Heat transfer fluids have been used in manufacturing for more than 70 years and have a strong safety record. However, as with every other thing in life, there are risks. Leaking heat transfer fluids present hazards that can affect not only your process but also your health. Being aware of these risks can only help make your experiences while working with heat transfer fluids safer.
With small leaks, the costs associated with fluid replacement are the first concerns that come to mind. But, issues related to fluid odor and employee discomfort also should be addressed. With larger leaks come health and safety issues. Not only is employee discomfort such as breathing difficulty an issue but so is employee exposure to chemicals, thermal burns and insulation fires. By looking at the risks associated with leaking heat transfer fluids, you may be able to keep a small leak from turning catastrophic or at the very least, prevent an injury. Although small fluid leaks may seem to be no more than an inconvenience, all leaks have the potential to become hazardous under the wrong conditions.
Different Fluids Present Different RisksUndiluted glycols have the potential to ignite. Budd Lee, development engineer at Dow Chemical Co., Midland, MI, noted, however, because glycol heat transfer fluids are water-based and do not have a flashpoint at concentrations below 80% glycol, they are considered less of a fire risk than organic or silicone fluids.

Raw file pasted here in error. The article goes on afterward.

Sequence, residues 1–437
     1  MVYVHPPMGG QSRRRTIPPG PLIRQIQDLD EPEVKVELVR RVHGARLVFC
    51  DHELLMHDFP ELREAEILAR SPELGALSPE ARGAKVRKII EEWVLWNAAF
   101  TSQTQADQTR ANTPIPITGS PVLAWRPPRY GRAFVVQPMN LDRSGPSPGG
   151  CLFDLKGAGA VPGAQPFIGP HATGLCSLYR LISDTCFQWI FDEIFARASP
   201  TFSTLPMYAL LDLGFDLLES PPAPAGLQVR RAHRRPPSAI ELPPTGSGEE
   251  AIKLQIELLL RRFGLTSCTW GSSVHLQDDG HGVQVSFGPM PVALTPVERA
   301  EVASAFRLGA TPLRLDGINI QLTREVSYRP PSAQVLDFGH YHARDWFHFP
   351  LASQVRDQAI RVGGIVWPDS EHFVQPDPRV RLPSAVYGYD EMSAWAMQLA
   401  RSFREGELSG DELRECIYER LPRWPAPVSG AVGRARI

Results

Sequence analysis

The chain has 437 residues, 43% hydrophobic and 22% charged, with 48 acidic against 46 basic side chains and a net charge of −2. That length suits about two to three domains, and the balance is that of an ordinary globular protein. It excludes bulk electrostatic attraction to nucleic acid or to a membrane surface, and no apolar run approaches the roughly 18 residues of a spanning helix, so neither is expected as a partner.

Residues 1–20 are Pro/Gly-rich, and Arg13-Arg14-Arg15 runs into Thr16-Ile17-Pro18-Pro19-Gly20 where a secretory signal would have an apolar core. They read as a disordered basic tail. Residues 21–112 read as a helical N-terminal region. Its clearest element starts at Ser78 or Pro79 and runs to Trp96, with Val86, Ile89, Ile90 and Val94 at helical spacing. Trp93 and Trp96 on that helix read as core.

Organic and silicone fluids are designed to be used above their flashpoints. Therefore, if a leak occurs, they pose a greater fire risk than glycols because they are capable of producing flammable vapor concentrations in the area of the leak. Fires involving organic fluids sometimes are caused by catastrophic equipment failure. However, the majority of fires involve improper installation, lack of maintenance on gauges or flow switches, and poor or lacking operating instructions.
Organizations such as the Occupational Safety and Health Association (OSHA), Washington, and National Fire Protection Association (NFPA), Quincy, MA, classify flammable liquids according to their flashpoint. A flashpoint within the operating temperature range of the system obviously is undesirable as any size leak would create an immediate fire hazard.
According to Ander Beain, senior fluids specialist at Solutia, St. Louis, people seem to be more concerned with the toxicity of a fluid presented on a material safety data sheet (MSDS) than the temperature of the fluid they are handling. Heat is more of a safety issue than toxicity in terms of personal safety. It is the temperature of the fluid that causes a thermal burn -- not the fluid's toxicity.